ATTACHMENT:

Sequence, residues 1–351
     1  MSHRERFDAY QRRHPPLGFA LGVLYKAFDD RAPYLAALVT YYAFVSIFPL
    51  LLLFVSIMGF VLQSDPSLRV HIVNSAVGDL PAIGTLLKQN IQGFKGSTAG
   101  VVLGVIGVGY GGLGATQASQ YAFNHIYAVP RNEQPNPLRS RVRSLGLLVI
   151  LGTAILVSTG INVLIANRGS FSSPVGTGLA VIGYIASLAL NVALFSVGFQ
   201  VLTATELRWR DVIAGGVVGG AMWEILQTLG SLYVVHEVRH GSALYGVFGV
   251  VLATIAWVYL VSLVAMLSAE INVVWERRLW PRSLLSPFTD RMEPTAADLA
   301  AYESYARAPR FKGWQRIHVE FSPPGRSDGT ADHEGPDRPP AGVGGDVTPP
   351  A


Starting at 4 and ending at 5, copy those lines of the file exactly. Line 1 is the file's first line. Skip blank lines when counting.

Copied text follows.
   101  VVLGVIGVGY GGLGATQASQ YAFNHIYAVP RNEQPNPLRS RVRSLGLLVI
   151  LGTAILVSTG INVLIANRGS FSSPVGTGLA VIGYIASLAL NVALFSVGFQ